Chapter 7 - Making a Start in Venezuela

Chapter 7 - Making a Start in Venezuela
“For ye have not passed this way heretofore” Joshua 3:4

Mr. James Gunn of Toronto had arrived at the Johnston home shortly before my arrival, and he was making himself useful cutting the paper for “El Mensajero Cristiano” (The Christian Messenger), the Gospel paper then under Mr. Johnston’s care. The latter suggested to me that if I would run the press for him, he would teach me Spanish, to which I readily agreed. However, he was too busy a man to fulfill his part of the contract, although I was only too willing to do my end of it. “Hugo’s Spanish Self Taught” was my text book, a very simple and practical course for beginners. To this I applied myself in real earnest. Mr. Johnston had ingeniously harnessed the big Minerva press to the tiny gasoline motor of his Maytag washer, so the press moved at low gear, giving me ample time to memorize the list of verb conjugations at my left hand as I fed the press with my right hand.

Occasionally brother Johnston and I walked out to nearby villages to distribute tracts and talk to the people. With a small Spanish hymn book in my hand I would ask him the meaning of any word that I was not so far acquainted with. In this way Mr. Johnston was a great help to me. On one such occasion the dinner hour found us far from home in a place where there were no restaurants, so we bought some rice, eggs, bread, and a lump of native sugar to make a hot drink with. A woman living in a shack was willing to cook the meal for us and she spread a cloth on a small table out in her yard, where we ate our meal but not in peace, as many “lookers-on” began to stare at us and different types of animals drew near, hungry for scraps.

Brother Johnston also arranged a weekend tract distributing trip for which we took the train as far as Guacara. After giving out tracts in that large town, we passed on to the rural community of Yagua, staying the night with a Christian family. Next morning we tramped along the dusty road under the scorching sun, carrying our weekend bags and distributing literature en route. Upon entering the city of Valencia, we decided to go down to the river for a wash-up. A sister in Yagua had given Mr. Johnston a quart bottle of honey which he put in his hand bag with his shaving kit and towel. When he opened this to get out his soap and towel he found that the honey had fermented with the heat, blown the cork out and the contents of the bag was all covered with honey. He certainly felt the better of the wash-up after so much dust, perspiration and honey! There was no assembly in Valencia at that time, only a few Christians who met together Sunday evenings; so we joined them and had a little meeting.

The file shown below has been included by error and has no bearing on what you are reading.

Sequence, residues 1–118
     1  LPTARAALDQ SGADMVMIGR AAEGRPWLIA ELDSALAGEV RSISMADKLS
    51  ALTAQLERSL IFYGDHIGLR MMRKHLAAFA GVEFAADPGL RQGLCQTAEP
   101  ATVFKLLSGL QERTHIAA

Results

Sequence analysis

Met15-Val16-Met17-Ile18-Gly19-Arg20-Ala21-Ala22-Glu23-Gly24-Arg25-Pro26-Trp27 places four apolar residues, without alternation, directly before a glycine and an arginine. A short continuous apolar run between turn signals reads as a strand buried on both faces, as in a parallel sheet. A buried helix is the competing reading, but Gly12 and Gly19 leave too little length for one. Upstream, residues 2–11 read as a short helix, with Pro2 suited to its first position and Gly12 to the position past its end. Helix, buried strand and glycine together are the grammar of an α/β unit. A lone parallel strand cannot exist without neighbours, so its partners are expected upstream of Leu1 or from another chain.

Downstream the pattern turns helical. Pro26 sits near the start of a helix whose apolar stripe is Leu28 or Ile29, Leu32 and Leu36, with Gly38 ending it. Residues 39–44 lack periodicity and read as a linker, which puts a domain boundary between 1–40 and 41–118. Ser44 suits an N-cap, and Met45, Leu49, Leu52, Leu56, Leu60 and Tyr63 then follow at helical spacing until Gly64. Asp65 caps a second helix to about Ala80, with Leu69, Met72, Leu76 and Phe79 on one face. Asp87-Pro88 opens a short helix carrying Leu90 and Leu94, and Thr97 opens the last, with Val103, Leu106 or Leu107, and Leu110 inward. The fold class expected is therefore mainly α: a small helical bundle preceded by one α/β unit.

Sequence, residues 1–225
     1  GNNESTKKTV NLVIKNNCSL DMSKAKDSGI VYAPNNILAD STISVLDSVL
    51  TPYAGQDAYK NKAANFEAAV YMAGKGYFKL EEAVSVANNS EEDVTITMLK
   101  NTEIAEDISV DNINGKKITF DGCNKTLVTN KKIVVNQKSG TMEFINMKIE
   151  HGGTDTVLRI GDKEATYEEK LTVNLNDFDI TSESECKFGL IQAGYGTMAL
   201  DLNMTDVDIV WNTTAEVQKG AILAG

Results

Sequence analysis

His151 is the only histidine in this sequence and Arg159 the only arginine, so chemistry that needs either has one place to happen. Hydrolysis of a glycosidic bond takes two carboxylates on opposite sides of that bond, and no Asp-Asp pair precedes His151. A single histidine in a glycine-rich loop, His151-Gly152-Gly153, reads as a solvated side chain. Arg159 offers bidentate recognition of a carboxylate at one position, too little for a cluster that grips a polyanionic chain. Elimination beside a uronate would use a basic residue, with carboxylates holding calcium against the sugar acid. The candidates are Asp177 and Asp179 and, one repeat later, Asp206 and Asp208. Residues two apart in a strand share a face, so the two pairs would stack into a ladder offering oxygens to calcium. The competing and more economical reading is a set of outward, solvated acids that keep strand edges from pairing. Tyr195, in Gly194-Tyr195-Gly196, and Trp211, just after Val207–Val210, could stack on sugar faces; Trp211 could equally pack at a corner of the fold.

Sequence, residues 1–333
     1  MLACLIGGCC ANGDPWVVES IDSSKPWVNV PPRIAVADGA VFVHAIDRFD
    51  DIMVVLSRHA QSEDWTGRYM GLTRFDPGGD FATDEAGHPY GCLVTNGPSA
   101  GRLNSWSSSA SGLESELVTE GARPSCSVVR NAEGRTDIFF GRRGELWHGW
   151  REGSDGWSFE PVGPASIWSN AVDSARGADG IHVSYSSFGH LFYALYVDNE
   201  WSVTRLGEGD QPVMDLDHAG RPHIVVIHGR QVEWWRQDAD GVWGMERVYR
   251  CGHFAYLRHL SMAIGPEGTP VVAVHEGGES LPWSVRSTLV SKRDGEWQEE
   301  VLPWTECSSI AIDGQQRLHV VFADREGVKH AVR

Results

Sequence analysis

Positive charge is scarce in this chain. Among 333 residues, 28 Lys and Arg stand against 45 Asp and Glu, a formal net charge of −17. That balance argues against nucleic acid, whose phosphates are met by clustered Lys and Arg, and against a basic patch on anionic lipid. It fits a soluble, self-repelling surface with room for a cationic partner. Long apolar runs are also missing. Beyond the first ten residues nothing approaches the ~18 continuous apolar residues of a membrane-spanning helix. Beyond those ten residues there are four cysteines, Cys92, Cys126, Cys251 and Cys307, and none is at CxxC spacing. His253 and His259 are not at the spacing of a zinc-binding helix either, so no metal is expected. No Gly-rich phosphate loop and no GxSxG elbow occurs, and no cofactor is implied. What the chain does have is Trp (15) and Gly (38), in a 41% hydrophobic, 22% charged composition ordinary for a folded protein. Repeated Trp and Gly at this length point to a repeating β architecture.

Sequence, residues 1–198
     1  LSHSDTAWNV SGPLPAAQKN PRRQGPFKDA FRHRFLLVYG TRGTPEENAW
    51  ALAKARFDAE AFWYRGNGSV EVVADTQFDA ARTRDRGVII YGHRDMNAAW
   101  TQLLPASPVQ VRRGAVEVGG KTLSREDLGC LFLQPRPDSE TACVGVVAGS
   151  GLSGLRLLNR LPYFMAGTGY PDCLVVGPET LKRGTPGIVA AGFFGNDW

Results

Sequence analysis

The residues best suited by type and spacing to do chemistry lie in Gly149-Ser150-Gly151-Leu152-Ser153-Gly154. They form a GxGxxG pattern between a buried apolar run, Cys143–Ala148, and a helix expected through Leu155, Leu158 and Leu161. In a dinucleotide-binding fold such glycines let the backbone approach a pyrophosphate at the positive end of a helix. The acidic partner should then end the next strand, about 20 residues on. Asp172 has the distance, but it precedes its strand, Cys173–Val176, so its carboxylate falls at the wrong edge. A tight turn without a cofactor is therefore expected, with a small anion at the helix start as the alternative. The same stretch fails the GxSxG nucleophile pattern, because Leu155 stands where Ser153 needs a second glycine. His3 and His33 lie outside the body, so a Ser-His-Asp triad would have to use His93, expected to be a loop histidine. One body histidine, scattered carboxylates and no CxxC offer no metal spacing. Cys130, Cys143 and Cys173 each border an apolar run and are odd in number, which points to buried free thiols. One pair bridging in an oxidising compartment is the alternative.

One Saturday afternoon brother Gunn and I thought we would like to have a swim in the sea, which is only half a block from the house, so we decided to walk along the beach to a spot where we would be alone. We had to cross the mouth of a swollen river, which was too deep to wade through so we decided to swim across. Just as we were about to do this, a fisherman signaled to us and looking in the direction indicated, we saw the dorsal fin of a shark ready to seize anything that might be coming out of the mouth of the river. The Lord mercifully saved us from that danger. Well might the Psalmist exclaim: “He that keepeth thee will not slumber.”


Having gone twice through Hugo’s Spanish text book I now needed to practice what I had learned. A couple of weeks before Easter we had a visit from Don Manuel Acosta, who made his home in San Felipe, the large front room of which was used as the meeting room for the assembly. An encouraging work was in progress in and around the city at that time. He was very anxious that I should go over and join him in Gospel activities. After praying about this I believed the Lord was calling me to those parts, and felt that brethren Johnston and Gunn were quite able to cope with the needs of Puerto Cabello. There was no paved highway or motor traffic at that time to the State of Yaracuy, so it was necessary to board a small steamer that crossed the bay to Tucacas. In that small port a German woman ran an overnight lodging for passengers, with supper and breakfast. Crabs worked their way up through the sandy floor at night and became unwelcome companions. In the morning, passengers boarded the small train with its wood burning locomotive and this took us on the second stage of our journey as far as Palma Sola (Lone Palm), at that time a jungle village. It was my privilege later to be the first to enter that place with the Gospel. The man who pumped water by hand for the locomotives was one of the first to be saved. He had an impediment in his voice so he could not preach, but he taught some of the young Christians to read and this proved a great help to the work.